Upon Amash’s arrival in the Capitol, he became a headache for many of his fellow party members, who felt he was testy and uncompromising. Ramsey and Bates had worked the phones for him last year, and now they’re disappointed he’s not making a bid for the Senate.
“The other day the media was giving Amash crap about McCain and Graham calling him fringe,” Ramsey says. “He was like, ‘What are you talking about? Those two are the fringe of the Republican Party!’”
“He’s the most active tweeter in Congress,” Bates chimes in.
Their enthusiasm for Amash, however, wanes when I mention Mitch McConnell, the Senate minority leader whose seat is coming up for election, and for whom they reserve a special disdain. “He’s a crony capitalist,” they repeatedly say. The two are watching the race closely, debating whether to get involved or if it’s even necessary, as McConnell is currently under attack from both flanks.
“He sucks, he sucks, he sucks,” Bates wails.
“He’s, like, so bad,” Ramsey agrees. “He’s so scared too. It’s awesome. He’s shaking in his boots. You should’ve seen him when he met me one time…”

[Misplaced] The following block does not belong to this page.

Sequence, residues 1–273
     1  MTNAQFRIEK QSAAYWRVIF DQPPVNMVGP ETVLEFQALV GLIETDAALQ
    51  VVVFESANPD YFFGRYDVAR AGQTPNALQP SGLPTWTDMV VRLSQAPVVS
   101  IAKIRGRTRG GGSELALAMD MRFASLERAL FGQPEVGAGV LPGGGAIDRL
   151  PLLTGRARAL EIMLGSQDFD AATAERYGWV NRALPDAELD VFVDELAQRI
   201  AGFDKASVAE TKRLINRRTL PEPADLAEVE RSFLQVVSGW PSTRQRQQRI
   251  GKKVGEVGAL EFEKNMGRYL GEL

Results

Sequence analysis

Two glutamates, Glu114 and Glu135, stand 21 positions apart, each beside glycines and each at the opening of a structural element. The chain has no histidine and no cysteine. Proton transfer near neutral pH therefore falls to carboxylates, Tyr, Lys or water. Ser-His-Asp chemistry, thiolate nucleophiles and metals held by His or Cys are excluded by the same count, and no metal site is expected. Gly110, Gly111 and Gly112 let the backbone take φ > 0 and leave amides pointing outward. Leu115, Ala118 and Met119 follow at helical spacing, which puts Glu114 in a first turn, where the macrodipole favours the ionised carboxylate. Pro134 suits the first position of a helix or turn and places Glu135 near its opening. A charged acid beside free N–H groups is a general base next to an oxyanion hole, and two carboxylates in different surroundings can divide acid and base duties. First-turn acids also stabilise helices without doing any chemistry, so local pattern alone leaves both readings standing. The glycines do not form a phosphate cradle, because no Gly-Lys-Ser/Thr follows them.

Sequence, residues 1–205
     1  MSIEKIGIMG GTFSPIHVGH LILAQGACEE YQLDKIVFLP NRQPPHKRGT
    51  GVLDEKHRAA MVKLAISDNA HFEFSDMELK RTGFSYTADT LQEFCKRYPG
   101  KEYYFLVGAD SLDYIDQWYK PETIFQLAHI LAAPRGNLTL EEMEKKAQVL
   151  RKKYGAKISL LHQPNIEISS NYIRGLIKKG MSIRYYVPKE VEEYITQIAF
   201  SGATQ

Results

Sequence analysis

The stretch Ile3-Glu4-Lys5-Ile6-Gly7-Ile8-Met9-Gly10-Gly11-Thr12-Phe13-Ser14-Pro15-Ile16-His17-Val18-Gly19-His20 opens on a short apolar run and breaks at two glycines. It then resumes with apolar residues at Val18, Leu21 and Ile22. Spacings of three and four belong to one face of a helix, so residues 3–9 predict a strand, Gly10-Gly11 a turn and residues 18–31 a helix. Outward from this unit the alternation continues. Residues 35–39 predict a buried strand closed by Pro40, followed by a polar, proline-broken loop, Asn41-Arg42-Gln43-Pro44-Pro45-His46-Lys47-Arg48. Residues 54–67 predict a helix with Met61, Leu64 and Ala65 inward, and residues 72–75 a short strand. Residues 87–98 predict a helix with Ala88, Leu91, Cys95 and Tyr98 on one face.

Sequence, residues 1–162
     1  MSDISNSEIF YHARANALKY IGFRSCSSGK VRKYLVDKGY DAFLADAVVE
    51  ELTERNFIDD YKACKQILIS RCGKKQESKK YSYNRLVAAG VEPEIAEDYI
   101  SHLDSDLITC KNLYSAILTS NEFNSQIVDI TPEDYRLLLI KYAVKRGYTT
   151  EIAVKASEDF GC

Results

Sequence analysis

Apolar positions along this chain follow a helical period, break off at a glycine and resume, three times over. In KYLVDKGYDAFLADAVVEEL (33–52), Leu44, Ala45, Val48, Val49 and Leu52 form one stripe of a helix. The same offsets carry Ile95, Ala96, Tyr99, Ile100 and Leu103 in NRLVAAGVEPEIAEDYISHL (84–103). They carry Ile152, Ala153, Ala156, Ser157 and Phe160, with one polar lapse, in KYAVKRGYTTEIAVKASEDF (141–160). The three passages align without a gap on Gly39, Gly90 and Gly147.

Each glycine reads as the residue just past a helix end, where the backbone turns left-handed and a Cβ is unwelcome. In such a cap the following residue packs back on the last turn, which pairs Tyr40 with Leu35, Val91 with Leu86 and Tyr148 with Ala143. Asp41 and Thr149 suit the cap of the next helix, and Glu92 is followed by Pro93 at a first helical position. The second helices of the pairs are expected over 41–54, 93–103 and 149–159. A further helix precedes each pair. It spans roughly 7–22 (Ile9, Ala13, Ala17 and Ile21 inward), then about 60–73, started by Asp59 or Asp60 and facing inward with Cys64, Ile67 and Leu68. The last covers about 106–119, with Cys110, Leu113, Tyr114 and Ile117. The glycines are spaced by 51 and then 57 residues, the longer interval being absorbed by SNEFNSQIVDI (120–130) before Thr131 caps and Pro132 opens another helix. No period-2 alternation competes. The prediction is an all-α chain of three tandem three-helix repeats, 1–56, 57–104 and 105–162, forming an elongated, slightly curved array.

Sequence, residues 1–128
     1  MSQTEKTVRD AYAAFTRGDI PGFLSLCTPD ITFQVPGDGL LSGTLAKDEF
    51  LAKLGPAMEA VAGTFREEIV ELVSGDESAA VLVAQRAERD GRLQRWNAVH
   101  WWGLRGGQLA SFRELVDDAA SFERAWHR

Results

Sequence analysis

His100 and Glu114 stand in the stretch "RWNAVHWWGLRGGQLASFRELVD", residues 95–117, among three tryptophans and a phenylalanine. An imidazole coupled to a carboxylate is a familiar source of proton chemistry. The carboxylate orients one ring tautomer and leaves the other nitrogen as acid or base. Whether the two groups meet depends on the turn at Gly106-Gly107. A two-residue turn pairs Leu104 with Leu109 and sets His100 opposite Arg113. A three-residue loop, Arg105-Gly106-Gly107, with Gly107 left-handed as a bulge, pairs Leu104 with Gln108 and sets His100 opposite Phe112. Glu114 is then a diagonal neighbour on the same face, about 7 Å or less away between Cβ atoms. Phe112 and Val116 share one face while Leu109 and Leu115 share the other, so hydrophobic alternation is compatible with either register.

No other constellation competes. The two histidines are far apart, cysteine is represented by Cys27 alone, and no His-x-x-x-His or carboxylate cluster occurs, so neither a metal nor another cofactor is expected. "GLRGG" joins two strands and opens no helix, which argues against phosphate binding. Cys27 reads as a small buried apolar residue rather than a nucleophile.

“He has no chin,” Bates interrupts. “Literally no chin.”
“At the RNC [the Republican National Convention] we met. I went up to him and was like, ‘Oh, Senator McConnell. Great to meet you.’ It was after we’d done a lot of work in the Massie race. He got this stoned look on his face and was like, ‘Good job.’ He seemed like he shit his pants.”
It’s early Saturday morning, and I’m sitting shotgun in Ramsey’s black Audi, while Bates trails us in his white Honda Civic. We’re on our way to a natural juice bar that will provide us with the necessary vitamins and minerals to start our day. Miranda Lambert sings on the radio, and tiny drops of rain quiver on the windshield.
Ramsey is dressed down in a baggy gray T-shirt and black mesh shorts. He drives with one hand on the wheel and gesticulates with the other, preparing to tell me “a story that’s never been told.”
It’s a political narrative about his childhood in East Texas, where he grew up comfortable in a poor, downtrodden area called San Augustine. “The high school I went to is more than 80 percent black,” he says. “Most people don’t know that. Honestly, it’s where I get a lot of my values.”